3

If I do

# perl -lne "print \$1 if /'?(\d{5})'?:/" courses.yaml
00000
01005

then I get the result I want, but now I want to do it with grep instead.

Why doesn't the following get me the same output?

# grep -oP "\'?(\d{5})\'?:" courses.yaml 
'00000':
'01005':
  • 1
    because it returns everything that gets matched with the regex. You may want to use \K or some look-ahead/behind. – fedorqui Aug 18 '16 at 12:49
  • 1
    You print Group 1 contents in the first case, and the whole match in the second. Try grep -oP "(\d{5})(?='?:)" courses.yaml – Wiktor Stribiżew Aug 18 '16 at 12:50
  • 1
    This answer provides more detail about the use of lookahead/lookbehind assertions to make -o work the way you want it. – user4815162342 Aug 18 '16 at 12:52
  • Why not just stick with perl? Or better yet, use a YAML parser, and don't regex it in the first place? – Sobrique Aug 18 '16 at 13:18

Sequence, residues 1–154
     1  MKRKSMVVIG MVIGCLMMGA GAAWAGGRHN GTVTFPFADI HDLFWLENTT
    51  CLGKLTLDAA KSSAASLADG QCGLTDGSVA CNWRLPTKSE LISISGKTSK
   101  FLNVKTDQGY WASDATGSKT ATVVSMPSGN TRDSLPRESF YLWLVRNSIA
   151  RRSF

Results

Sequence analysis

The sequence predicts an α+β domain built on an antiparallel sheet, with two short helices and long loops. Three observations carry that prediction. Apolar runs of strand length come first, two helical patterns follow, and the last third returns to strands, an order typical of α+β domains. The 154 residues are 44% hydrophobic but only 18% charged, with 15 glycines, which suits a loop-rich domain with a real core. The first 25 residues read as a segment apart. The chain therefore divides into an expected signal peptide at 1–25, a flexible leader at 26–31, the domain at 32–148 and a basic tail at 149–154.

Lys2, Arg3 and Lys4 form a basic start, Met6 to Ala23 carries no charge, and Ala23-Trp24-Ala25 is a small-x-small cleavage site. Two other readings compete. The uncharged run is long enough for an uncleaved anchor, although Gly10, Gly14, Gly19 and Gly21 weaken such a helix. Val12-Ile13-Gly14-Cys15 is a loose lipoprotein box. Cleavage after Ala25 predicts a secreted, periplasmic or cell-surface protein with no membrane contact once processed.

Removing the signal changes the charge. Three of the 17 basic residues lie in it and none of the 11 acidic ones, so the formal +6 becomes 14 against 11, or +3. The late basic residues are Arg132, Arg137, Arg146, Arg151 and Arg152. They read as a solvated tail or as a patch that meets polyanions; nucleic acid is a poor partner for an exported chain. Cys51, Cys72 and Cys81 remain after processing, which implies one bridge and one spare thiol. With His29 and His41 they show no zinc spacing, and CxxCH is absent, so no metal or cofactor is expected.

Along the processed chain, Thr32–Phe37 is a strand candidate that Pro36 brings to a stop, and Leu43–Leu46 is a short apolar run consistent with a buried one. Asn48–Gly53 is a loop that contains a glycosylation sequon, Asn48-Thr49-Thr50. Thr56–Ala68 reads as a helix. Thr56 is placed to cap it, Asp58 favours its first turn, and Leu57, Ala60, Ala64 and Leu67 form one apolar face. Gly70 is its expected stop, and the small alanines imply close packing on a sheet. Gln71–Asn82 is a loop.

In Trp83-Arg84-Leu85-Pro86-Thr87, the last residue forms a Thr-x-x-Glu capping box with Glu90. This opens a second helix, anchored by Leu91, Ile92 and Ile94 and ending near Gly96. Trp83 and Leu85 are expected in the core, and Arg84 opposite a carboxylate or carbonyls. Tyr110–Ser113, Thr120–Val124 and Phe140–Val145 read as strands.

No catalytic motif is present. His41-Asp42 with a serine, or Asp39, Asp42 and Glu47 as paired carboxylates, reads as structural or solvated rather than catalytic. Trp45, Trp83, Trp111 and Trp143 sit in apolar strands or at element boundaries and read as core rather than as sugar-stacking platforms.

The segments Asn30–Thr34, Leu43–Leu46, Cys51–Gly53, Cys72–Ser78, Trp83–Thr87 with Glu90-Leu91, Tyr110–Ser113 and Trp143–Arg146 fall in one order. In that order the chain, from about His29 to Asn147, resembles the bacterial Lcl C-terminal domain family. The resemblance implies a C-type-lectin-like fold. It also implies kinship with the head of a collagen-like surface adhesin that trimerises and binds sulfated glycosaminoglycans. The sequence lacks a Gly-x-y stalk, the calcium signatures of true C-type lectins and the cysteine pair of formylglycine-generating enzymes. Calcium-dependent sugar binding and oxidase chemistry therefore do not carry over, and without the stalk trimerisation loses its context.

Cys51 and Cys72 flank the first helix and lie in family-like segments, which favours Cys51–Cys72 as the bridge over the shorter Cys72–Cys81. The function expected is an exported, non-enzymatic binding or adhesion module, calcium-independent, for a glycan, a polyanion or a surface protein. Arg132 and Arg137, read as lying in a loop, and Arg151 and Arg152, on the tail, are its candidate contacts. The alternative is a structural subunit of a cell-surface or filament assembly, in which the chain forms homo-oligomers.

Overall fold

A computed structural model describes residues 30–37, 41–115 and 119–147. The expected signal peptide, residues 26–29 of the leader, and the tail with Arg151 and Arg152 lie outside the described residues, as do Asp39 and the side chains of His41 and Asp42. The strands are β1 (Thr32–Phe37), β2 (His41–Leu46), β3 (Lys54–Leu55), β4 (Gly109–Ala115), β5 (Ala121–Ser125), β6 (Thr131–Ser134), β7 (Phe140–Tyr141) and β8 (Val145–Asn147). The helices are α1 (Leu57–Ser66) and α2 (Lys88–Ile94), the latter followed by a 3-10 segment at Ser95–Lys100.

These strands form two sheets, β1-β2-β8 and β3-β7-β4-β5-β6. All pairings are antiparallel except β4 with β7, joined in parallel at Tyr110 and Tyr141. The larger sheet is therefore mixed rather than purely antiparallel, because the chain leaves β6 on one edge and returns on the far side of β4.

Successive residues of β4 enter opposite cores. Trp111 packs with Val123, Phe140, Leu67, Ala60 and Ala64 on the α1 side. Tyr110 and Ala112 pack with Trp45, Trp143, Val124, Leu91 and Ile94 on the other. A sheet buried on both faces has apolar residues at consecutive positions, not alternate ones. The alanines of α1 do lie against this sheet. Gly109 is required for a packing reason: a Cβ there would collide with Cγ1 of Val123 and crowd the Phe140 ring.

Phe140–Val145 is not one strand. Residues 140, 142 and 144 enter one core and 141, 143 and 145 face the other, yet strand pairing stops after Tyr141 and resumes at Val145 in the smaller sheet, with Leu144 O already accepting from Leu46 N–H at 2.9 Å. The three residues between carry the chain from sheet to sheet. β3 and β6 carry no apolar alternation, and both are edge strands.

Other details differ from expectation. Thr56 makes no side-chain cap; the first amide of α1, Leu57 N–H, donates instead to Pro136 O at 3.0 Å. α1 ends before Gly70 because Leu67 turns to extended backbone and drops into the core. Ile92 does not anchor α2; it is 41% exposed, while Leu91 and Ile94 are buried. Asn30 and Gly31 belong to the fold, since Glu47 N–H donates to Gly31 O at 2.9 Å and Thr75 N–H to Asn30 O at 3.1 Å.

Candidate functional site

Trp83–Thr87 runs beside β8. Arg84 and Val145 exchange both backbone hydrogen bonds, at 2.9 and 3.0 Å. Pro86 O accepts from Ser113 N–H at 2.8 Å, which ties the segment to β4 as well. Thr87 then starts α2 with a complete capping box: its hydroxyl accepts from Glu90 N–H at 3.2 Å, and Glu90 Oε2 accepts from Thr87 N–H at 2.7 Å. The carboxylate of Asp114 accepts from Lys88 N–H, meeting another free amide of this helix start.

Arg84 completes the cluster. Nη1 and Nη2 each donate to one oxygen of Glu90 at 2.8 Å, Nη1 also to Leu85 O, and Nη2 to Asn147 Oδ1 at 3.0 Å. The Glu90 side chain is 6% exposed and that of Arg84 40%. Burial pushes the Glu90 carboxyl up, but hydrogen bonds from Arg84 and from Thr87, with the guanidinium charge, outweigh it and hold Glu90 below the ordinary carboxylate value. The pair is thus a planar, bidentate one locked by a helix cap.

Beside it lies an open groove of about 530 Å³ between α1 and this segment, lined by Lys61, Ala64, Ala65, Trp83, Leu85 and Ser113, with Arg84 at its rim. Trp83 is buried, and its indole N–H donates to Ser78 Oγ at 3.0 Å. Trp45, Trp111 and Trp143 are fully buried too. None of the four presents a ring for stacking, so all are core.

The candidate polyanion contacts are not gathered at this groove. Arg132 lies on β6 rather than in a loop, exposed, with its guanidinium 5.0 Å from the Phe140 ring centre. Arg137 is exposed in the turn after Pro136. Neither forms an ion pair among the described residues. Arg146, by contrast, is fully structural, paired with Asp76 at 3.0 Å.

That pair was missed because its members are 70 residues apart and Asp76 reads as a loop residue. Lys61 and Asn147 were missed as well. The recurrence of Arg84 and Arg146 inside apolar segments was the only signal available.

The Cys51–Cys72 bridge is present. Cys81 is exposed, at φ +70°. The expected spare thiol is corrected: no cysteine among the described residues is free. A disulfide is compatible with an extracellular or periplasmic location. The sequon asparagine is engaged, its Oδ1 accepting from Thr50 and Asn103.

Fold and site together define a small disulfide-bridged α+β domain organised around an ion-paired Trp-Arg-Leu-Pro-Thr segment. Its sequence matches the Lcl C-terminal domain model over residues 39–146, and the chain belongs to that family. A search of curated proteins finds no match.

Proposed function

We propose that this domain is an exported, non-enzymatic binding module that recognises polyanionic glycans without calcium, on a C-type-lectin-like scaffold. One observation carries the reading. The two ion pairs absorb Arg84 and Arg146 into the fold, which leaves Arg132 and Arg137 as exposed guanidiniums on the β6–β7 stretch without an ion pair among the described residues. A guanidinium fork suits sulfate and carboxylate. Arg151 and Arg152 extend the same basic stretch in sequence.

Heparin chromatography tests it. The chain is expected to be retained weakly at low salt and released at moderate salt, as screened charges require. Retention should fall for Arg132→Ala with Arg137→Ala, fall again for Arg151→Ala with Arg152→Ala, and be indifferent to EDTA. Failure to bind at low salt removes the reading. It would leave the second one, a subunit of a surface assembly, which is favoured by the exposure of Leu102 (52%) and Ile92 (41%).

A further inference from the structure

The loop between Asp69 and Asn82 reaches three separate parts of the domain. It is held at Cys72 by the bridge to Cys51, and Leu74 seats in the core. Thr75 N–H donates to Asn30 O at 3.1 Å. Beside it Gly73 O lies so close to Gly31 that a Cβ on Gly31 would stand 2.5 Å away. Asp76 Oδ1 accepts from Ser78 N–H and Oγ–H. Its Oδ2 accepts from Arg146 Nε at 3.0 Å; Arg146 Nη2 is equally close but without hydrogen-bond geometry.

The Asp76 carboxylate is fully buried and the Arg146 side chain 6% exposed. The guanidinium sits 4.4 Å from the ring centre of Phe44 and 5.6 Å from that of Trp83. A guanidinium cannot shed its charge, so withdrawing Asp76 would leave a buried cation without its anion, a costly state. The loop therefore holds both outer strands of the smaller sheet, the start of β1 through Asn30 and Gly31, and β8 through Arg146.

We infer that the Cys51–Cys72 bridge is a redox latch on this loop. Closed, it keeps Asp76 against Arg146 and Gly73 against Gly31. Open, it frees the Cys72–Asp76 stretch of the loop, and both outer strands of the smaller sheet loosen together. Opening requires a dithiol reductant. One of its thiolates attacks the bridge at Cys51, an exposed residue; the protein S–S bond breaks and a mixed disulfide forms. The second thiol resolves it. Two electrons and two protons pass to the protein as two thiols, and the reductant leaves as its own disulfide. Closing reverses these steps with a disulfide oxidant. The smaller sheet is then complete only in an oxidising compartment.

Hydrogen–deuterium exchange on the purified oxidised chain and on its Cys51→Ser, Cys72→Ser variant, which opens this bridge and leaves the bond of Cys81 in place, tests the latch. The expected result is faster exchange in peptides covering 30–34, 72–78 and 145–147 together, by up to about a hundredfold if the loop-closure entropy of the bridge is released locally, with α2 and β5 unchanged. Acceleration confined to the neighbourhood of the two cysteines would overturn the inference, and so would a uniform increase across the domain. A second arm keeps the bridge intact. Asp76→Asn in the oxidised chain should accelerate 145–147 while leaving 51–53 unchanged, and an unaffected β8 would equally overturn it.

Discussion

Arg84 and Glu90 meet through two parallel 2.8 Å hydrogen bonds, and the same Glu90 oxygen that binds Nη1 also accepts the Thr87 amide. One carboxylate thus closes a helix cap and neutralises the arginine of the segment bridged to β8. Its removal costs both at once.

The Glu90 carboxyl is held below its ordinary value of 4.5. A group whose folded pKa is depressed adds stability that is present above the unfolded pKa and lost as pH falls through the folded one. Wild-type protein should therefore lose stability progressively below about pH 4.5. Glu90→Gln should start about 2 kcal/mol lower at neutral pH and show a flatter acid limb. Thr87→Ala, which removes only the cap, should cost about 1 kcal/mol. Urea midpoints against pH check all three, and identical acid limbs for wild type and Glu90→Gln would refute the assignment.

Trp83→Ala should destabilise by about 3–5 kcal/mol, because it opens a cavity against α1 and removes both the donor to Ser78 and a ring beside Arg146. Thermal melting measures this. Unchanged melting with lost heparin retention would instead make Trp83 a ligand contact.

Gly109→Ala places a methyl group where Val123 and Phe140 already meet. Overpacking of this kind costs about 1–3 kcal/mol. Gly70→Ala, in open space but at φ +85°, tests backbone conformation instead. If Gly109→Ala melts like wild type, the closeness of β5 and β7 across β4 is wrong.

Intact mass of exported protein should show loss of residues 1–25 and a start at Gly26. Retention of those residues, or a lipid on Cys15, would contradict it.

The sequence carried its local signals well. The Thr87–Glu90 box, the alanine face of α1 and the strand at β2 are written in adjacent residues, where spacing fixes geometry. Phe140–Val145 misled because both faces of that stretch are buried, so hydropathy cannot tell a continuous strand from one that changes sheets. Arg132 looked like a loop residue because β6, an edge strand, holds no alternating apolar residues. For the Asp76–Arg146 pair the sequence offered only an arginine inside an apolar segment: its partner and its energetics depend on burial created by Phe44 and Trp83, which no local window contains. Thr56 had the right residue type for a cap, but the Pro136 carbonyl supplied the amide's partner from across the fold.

3

You print Group 1 contents in the first case, and the whole match in the second. When using grep with -oP, you can only print the whole match, thus, use a (?='?:) lookahead that will only return a 5-digit chunk if there is a : after them preceded with an optional single quote:

echo "'00000':  '01005':" | grep -Po "\d{5}(?='?:)"

See demo

I think there is no point in using a lookbehind here since the ' is optional in your pattern.

0

-o is outputs the match ($&), not the first capture ($1).

You can use \K, look-behinds and/or look-aheads to control what's considered matched.

In your case, you can use the following:

grep -oP "'?\K\d{5}(?='?:)" courses.yaml 

But that simplifies to the following:

grep -oP "\d{5}(?='?:)" courses.yaml 

Using a proper YAML parser would make far more sense, and it would still be quite short.

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